NASA rocket launch creates colorful clouds over East Coast


NASA rocket launch creates colorful clouds over East Coast

The artificial clouds were part of a NASA experiment created to test high-altitude winds and cloud movement.

A Terrier-Improved Malemute sounding rocket finally launched from NASA's Wallops Flight Facility early Thursday after being scrubbed 10 times previously.

With the new launch time, live coverage now begins on the Wallops Ustream site at 4 a.m. and Facebook Live coverage begins at 4:15 a.m.

The space agency has not stood still while waiting for this mission to get underway.

"The vapour tracers are formed through the interaction of barium, strontium and cupric-oxide", Nasa said ahead of the launch. The agency is calling it "an early Independence Day fireworks display".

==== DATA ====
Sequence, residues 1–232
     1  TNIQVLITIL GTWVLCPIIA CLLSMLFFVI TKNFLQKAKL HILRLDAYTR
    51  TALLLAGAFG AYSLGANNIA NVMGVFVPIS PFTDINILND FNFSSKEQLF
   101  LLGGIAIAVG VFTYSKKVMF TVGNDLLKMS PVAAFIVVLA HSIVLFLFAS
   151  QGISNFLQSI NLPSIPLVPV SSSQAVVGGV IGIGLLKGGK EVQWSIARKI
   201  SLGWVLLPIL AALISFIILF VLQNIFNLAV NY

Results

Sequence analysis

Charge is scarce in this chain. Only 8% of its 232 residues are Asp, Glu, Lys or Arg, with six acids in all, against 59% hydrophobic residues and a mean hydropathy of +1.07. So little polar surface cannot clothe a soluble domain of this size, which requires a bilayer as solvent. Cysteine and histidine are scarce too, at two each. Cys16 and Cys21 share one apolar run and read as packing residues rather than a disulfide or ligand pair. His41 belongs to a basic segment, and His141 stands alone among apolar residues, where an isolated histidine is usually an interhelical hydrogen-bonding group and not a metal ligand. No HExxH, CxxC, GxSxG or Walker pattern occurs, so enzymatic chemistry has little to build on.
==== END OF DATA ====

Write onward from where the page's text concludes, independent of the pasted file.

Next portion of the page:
The mission deployed ten soda-can-sized canisters, each containing cloud-forming vapour, roughly 100 miles above the surface just before 5 a.m. (EDT). They were visible along the mid-Atlantic coastline from North Carolina as far north as NY, and could be seen as far west as Charlottesville, Virginia, according to NASA.

"The tracers will be released at altitudes 96 to 124 miles high and pose no hazard to residents along the mid-Atlantic coast".

Research on luminescent clouds like these allow scientists on the ground to better track particle motions in space across vast areas.

When all was said and done, the mission was rescheduled numerous times, nearly all of which were due to weather conditions not being optimal.

A Terrier-Improved Malemute two-stage sounding rocket lifted off from NASA's Wallops Flight Facility in Virginia to release colorful clouds into the upper atmosphere June 29.



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